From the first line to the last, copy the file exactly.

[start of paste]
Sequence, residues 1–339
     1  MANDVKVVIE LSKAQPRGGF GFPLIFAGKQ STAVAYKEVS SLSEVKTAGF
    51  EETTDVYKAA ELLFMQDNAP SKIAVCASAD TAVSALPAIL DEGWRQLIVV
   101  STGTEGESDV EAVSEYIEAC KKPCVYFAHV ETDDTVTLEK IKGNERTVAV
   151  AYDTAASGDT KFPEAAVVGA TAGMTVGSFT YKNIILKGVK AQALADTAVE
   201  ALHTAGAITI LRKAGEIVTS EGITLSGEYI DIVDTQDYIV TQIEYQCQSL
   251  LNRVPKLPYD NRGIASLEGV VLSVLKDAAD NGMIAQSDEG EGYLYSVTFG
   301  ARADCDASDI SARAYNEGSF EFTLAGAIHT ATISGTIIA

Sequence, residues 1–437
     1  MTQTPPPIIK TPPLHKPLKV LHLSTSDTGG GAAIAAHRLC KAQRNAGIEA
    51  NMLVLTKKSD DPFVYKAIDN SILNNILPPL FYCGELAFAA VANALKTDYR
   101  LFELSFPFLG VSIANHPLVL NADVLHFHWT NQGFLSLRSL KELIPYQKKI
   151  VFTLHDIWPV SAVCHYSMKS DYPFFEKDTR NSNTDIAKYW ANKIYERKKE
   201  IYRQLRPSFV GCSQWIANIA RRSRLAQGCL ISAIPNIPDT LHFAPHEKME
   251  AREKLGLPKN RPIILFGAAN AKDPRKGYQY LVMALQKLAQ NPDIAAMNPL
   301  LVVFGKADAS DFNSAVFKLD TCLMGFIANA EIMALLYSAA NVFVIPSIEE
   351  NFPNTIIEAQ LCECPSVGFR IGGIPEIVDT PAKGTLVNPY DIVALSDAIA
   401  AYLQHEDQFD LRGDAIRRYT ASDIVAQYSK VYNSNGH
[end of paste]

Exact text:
Sequence, residues 1–339
     1  MANDVKVVIE LSKAQPRGGF GFPLIFAGKQ STAVAYKEVS SLSEVKTAGF
    51  EETTDVYKAA ELLFMQDNAP SKIAVCASAD TAVSALPAIL DEGWRQLIVV
   101  STGTEGESDV EAVSEYIEAC KKPCVYFAHV ETDDTVTLEK IKGNERTVAV
   151  AYDTAASGDT KFPEAAVVGA TAGMTVGSFT YKNIILKGVK AQALADTAVE
   201  ALHTAGAITI LRKAGEIVTS EGITLSGEYI DIVDTQDYIV TQIEYQCQSL
   251  LNRVPKLPYD NRGIASLEGV VLSVLKDAAD NGMIAQSDEG EGYLYSVTFG
   301  ARADCDASDI SARAYNEGSF EFTLAGAIHT ATISGTIIA

Sequence, residues 1–437
     1  MTQTPPPIIK TPPLHKPLKV LHLSTSDTGG GAAIAAHRLC KAQRNAGIEA
    51  NMLVLTKKSD DPFVYKAIDN SILNNILPPL FYCGELAFAA VANALKTDYR
   101  LFELSFPFLG VSIANHPLVL NADVLHFHWT NQGFLSLRSL KELIPYQKKI
   151  VFTLHDIWPV SAVCHYSMKS DYPFFEKDTR NSNTDIAKYW ANKIYERKKE
   201  IYRQLRPSFV GCSQWIANIA RRSRLAQGCL ISAIPNIPDT LHFAPHEKME
   251  AREKLGLPKN RPIILFGAAN AKDPRKGYQY LVMALQKLAQ NPDIAAMNPL
   301  LVVFGKADAS DFNSAVFKLD TCLMGFIANA EIMALLYSAA NVFVIPSIEE
   351  NFPNTIIEAQ LCECPSVGFR IGGIPEIVDT PAKGTLVNPY DIVALSDAIA
   401  AYLQHEDQFD LRGDAIRRYT ASDIVAQYSK VYNSNGH